For those of you who don't know what I'm talking about, an author of graphic novels named Jazan Ward has brought a claim against HarperCollins claiming that HarperCollins' new series of novels called Carnival of Souls infringes a trademark he has registered in those same words. Using various legal theories he wants to have HarperCollins change the name of the series and pay him damages for infringing his mark. Recently Ward has also started to send cease and desist (C&D) letters to various book bloggers and other reviewers telling them that they can't review the Carnival of Souls books because by doing so they're promoting a property that infringes his mark.
This claim may sound like it's crazy. It's not. At least not necessarily. And in fact, there's one particular part of the lawsuit that should be very interesting to small developers or indie authors who may find themselves up against a big media enterprise. But going after the reviewers is a different story.
What is a trademark and how do they work?
It may help in looking at this situation to understand what is a trademark. Think of a name like "Halo". That's a trademark owned by Microsoft for its popular video game series. Because they've registered the mark they always write it as "Halo®". What that mark means, to the owner of the mark, is actually "[Text string that represents my video game franchise]". So Microsoft can't, for example, write a slogan like "There's a Halo® around this game" because what that says when Microsoft writes it is "There's a [text string that represents my video game franchise] around this game". To Microsoft, in the context of video games, "Halo" means only one thing: its games.
Bear with me. This is picky but important.
Since to Microsoft the term "Halo" used in the context of video games means only its games, if anyone else uses the term "Halo" and isn't talking about Microsoft's game, Microsoft has to take steps to stop them from doing that. So if Sony launches a game about angels and calls it "Halo" then Microsoft has to sue Sony to make sure that consumers know that the word "Halo" means Microsoft's game and nothing else. That's an obligation under trademark law, and if Microsoft doesn't bring that suit then it risks having a court someday declare that it no longer has the right to have the term "Halo" used for only its games. It's also the reason the ® is there: as a symbol to the world that this isn't just a word, it's a trademark, and you had better not try to steal it for yourself. Trust me: this kind of thing keeps lawyers up nights.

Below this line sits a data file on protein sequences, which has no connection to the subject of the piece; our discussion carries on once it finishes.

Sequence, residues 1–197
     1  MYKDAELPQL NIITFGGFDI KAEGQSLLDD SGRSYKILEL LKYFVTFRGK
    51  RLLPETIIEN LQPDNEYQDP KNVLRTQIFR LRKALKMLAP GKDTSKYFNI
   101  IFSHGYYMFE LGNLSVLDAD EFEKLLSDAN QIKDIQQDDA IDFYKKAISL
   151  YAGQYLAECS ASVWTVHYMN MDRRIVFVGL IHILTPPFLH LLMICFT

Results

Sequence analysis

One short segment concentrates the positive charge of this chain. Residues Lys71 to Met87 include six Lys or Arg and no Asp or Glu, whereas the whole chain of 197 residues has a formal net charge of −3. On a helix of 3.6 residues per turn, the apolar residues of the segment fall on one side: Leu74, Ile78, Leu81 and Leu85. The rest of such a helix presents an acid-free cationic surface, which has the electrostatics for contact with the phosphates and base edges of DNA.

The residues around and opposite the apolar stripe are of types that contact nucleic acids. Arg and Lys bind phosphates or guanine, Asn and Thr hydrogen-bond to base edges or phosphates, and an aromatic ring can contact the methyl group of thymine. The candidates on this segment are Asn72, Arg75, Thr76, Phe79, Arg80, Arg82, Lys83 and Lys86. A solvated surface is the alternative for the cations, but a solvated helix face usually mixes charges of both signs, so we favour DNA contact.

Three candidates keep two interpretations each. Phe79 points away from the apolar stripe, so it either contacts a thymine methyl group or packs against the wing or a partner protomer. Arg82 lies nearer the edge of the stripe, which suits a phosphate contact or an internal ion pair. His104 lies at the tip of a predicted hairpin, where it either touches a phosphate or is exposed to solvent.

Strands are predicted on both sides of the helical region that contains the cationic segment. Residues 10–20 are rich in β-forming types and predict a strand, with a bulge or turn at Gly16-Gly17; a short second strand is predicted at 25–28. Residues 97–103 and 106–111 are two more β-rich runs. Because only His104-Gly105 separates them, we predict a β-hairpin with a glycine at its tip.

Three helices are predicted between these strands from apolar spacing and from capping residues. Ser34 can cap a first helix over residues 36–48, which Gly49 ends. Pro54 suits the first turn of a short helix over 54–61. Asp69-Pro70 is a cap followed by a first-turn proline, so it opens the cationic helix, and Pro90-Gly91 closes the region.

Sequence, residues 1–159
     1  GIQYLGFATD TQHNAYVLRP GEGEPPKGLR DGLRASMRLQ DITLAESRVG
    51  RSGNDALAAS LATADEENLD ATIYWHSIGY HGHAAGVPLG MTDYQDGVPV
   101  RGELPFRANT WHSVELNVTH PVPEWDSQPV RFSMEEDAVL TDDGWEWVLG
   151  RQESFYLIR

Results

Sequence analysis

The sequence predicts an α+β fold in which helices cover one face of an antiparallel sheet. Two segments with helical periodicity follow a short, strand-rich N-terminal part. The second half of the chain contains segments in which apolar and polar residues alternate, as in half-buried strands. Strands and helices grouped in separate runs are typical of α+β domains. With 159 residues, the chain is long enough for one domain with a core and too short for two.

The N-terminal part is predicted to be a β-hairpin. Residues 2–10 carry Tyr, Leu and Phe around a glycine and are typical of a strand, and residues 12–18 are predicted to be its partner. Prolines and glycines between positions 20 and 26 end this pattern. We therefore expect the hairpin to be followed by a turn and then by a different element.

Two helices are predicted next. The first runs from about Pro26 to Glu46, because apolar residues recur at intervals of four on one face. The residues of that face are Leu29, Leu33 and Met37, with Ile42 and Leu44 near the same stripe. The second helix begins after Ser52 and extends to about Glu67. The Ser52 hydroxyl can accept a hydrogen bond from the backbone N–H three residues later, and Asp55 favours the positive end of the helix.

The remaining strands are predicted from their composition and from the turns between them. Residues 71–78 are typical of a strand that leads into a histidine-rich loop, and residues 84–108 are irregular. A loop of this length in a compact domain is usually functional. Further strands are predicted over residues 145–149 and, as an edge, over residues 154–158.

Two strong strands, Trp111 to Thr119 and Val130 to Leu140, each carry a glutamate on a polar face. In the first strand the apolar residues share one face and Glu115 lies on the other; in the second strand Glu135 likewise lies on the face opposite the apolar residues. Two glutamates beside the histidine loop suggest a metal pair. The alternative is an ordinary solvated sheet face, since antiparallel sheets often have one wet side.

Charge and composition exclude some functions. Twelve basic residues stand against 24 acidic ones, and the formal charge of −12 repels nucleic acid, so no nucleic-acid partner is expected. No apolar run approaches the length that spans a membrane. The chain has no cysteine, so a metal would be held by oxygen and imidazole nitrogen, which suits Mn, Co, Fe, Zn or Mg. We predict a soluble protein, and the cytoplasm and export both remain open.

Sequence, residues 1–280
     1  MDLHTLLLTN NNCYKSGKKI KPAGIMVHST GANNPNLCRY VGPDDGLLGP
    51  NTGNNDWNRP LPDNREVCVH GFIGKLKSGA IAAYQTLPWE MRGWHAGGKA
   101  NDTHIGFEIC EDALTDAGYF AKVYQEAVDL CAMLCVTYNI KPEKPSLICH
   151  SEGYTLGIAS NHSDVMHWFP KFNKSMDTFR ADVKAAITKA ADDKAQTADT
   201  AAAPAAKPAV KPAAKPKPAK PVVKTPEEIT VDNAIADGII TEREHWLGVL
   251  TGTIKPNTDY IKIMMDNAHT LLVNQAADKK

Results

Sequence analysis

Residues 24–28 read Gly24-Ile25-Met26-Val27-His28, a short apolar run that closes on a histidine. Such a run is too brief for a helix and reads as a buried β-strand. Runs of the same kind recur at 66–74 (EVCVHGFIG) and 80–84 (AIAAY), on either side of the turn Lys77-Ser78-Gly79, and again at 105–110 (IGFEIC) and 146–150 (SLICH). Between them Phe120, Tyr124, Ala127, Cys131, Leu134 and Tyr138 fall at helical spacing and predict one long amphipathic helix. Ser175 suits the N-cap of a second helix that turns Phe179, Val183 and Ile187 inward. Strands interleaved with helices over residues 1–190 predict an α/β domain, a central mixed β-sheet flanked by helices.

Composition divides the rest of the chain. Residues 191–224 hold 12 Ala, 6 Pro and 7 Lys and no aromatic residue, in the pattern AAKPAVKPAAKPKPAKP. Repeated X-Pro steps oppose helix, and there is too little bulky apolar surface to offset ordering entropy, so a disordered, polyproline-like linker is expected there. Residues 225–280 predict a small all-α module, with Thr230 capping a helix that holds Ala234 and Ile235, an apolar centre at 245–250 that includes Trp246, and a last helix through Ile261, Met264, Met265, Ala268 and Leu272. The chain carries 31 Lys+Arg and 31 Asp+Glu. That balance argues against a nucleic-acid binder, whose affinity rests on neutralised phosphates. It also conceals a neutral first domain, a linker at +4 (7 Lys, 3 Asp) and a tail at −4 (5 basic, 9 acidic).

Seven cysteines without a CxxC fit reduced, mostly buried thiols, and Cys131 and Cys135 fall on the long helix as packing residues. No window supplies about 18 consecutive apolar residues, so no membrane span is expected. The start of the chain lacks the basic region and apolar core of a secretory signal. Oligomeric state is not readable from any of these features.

But Microsoft can't go back in time to stop people from calling their games "Halo". Here's what that means: imagine a video game that was launched in 1995 called "Halo" but where the publisher of that game didn't register a trademark on the term "Halo". That game gets to keep being called "Halo", because it came first. But if they launch a sequel today in 2012, that sequel can't be called "Halo" because now Microsoft has its trademark. Put another way: anyone who came before the mark gets a free pass, but anyone who comes after doesn't.
It would have to be that way, otherwise you couldn't get a mark if someone else has ever used the term. Think of the McDonald's slogan "I'm lovin it!" Do you really think that's the first time anyone has ever said that about a meal? But McDonald's was able to register it, which makes sense when you realize that they can't go back in time and claim infringement for anything that came before.
I hope that explanation helps now that I'll start talking about Carnival of Souls.
Ward sets out pretty clearly that he has a registered mark in "Carnival of Souls". He makes an argument that HarperCollins should have done trademark searches before choosing to give their new series that name which I'm not sure I buy, but then he sets out that he actually put them on notice that he had the name trademarked and they used it anyway. I'm not going to get into that; it's a very fact-specific analysis and rapidly becomes very he-said, she-said with lots of discussion about whether Ward met all the relevant technical criteria with respect to registration of the mark and usage of it after registration. But there's a patina of credibility to it.
I'm much more interested in one of his other claims, and in his approach to the bloggers. I'll address them in order.
One of Ward's claims against HarperCollins is something called "reverse confusion". This is a very little-known type of suit, but it's important for indie developers and authors to know about. Reverse confusion exists where you have the following set of facts:
- A little guy launches a property and registers a trademark for it.
- A big company comes along and uses the same name and starts a massive media campaign around the name.